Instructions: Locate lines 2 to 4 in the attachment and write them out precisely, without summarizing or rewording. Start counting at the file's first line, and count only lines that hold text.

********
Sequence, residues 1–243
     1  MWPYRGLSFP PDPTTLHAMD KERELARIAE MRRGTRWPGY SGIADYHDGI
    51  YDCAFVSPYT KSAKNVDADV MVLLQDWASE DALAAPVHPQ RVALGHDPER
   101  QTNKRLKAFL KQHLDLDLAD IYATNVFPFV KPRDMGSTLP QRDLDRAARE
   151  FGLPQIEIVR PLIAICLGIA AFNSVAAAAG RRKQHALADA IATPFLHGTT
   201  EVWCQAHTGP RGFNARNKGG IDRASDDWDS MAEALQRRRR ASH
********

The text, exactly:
     1  MWPYRGLSFP PDPTTLHAMD KERELARIAE MRRGTRWPGY SGIADYHDGI
    51  YDCAFVSPYT KSAKNVDADV MVLLQDWASE DALAAPVHPQ RVALGHDPER
   101  QTNKRLKAFL KQHLDLDLAD IYATNVFPFV KPRDMGSTLP QRDLDRAARE